Meehan Crist: Wednesday, May 31st from 11:30-1pm in Purce Hall 1

Crist, Meehan_Web_pic5FINALMeehan Crist is writer-in-residence in Biological Sciences at Columbia University. Previously she was editor-at-large at Nautilus and reviews editor at the Believer. Her work has appeared in publications such as the New York Times, the Los Angeles Times, Lapham’s Quarterly, Tin House, New Republic, Nautilus, the Believer, Bookforum, Scientific American, and Science. Awards include the 2015 Rona Jaffe Foundation Writer’s Award, the 2016 AOA Award for excellence in Health Journalism, the Olive B. O’Connor Fellowship and fellowships from MacDowell, The Blue Mountain Center, Ucross, and Yaddo.

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Dawn Cerny: Wednesday, May 24th from 11:30-1:00 pm in Purce Hall1

Cerny_AT_printDawn Cerny is a multidisciplinary  artist based in Seattle. Her recent works on paper and in sculpture examine the formal articulation of value and power—or lack thereof—through everyday gestures, bodily postures, and personal aesthetic choices.  Cerny’s monochromatic sculptural works also evoke racks, chairs, and cabinets of uncertain purpose, at once amplifying and distorting furniture’s connection to the human form.  Amassed together within the gallery, they might comprise a domestic arrangement, a showroom, or a crowd of people, alone together in public space. Like Buster Keaton’s slapstick comedy—a favorite of the artist’s—Cerny’s sculptures can be seen as an absurdist response to the productive rationalism of modern times, one that both represents and is alienated from everyday life. Cerny’s work has been exhibited at many venues including Henry Art Gallery; Or Gallery in Vancouver, Canada; Night Gallery in LA and Derk Eller Gallery in New York.

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Jordan Abel: Wednesday, May 10th from 11:30-1:00 pm in Purce Hall 1

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Jordan Abel is a Nisga’a writer from BC. Currently, he is pursuing a PhD at Simon Fraser University where his research concentrates on the intersection between Digital Humanities and Indigenous Literary Studies. Abel’s creative work has recently been anthologized in Best Canadian Poetry (Tightrope), The Land We Are: Artists and Writers Unsettle the Politics of Reconciliation (Arbiter Ring), and The New Concrete: Visual Poetry in the 21st Century (Hayword). Abel is the author of Injun, Un/inhabited, and The Place of Scraps (winner of the Dorothy Livesay Poetry Prize and finalist for the Gerald Lampert Memorial Award).

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517EuBwvNoL._SX331_BO1,204,203,200_Gregg Horowitz is Professorghorowi2 of Philosophy at Pratt. He writes on aesthetics, the philosophy of art, theories of art history, psychoanalysis, and political theory. His publications include the books Sustaining Loss: Art and Mournful Life (Stanford, 2001) and The Wake of Art: Philosophy, Criticism and the Ends of Taste (Routledge, 1998, with Arthur C. Danto and Tom Huhn) and articles on “Robert Pippin’s After the Beautiful: Hegel and the Philosophy of Pictorial Modernism” (Platypus Review, 2014).“Tradition” (Art Bulletin, 2013), “A Made-to-Order Witness: Women’s Knowledge in Vertigo” in Katalin Makkai, ed., Vertigo: Philosophers on Film (Routledge, January 2013), and “The Homeopathic Image, or, Trauma, Intimacy and Poetry,” (Critical Horizons, 2010). He is also a past Fellow of the American Academy in Berlin.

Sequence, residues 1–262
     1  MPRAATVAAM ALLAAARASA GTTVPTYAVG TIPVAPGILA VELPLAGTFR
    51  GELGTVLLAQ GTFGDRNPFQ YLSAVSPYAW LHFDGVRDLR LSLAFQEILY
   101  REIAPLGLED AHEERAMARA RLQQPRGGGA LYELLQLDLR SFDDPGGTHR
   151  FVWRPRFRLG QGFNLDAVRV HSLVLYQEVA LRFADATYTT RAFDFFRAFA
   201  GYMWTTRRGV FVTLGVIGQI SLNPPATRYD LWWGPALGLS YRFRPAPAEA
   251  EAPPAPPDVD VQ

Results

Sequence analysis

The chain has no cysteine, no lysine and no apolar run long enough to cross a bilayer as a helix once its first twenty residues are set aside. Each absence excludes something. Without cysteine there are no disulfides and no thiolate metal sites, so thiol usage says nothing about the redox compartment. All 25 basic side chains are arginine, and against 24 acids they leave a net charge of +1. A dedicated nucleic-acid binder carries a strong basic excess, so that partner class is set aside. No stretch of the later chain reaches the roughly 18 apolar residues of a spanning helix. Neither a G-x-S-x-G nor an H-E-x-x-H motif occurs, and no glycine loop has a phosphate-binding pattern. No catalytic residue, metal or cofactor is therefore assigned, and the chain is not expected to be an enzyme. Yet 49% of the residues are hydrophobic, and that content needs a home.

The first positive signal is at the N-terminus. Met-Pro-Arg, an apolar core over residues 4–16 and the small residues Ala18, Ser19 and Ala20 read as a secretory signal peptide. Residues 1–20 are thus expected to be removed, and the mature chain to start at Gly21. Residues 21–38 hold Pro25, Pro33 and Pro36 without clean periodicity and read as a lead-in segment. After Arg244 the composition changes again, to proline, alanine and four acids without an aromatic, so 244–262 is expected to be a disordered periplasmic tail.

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Margot Quan Knight: Wednesday, April 26, from 11:30 to 1:00 pm in Purce Hall 1

MQK_DetailHallwayMargot Quan Knight‘s photography and video work has been featured in over 70 international publications and exhibited around the world, including solo shows at GAS Art Gallery, (Turin, Italy), 911 Media Arts Center, (Seattle, W.A.), and California State University (Chico, CA) and group shows at the Centre Pompidou (Paris, France), Ar/ge Kunst Galleria Museo (Bolzano, Italy), and the Dotmov Festival (Sapporo, Japan). Margot received a Master in Fine Art degree from the Milton Avery Graduate School of the Arts at Bard College in 2009.

 

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A1QmlI6CQYLRESCHEDULED for fall 2017
Thalia Field‘s work lives at the crossroads of prose, essay, poetry, even theater. Her collections include Point and Line; Bird Lovers, Backyard; A Prank of Georges; Ululu (Clown Schrapnel); and Incarnate: Story Material.

Thalia Field is 3rd generation from the Hyde Park neighborhood of Chicago. She worked in theater as a writer, director, and producer before beginning to write books. Thalia has lived and worked in Paris, Berlin, and New York, as well as spending many summers in Juneau, Alaska where she helped to start a summer writing project. Thalia has been teaching fiction and multimedia and interdisciplinary creative/critical practice in the Literary Arts department at Brown University since 2000.

 

 

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Dr. Lina Aguirre presents Trends in Latin American Experimental Animation: Wednesday, February 22nd from 11:30 to 1:00 pm in Purce Hall 1

Latin Animation picA vibrant selection of contemporary experimental animation from filmmakers in Argentina, Brazil, Bolivia, Chile, Colombia, Mexico, Puerto Rico and Peru.  Curated by the Moebius Animación collaborative, these 16 short films produced between 2007 and 2014 represent an effort to map trends in technical, narrative, material, and sensorial/affective dimensions in recent experimental animation.